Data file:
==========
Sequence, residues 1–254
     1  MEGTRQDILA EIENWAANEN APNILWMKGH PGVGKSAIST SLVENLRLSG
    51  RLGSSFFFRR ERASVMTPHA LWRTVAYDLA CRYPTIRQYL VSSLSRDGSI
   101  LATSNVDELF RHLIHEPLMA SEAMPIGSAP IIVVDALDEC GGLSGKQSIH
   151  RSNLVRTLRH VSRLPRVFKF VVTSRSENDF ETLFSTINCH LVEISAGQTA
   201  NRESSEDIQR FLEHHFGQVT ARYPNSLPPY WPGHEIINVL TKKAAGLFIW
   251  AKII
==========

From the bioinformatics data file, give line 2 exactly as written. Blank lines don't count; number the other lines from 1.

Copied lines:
     1  MEGTRQDILA EIENWAANEN APNILWMKGH PGVGKSAIST SLVENLRLSG